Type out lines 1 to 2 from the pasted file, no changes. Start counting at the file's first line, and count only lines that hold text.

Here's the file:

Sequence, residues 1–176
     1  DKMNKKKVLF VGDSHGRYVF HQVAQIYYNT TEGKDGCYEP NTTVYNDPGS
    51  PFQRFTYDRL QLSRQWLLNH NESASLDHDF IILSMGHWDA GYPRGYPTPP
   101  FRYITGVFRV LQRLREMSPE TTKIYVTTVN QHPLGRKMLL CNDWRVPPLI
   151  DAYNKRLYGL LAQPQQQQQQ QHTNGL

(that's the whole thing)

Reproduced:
Sequence, residues 1–176
     1  DKMNKKKVLF VGDSHGRYVF HQVAQIYYNT TEGKDGCYEP NTTVYNDPGS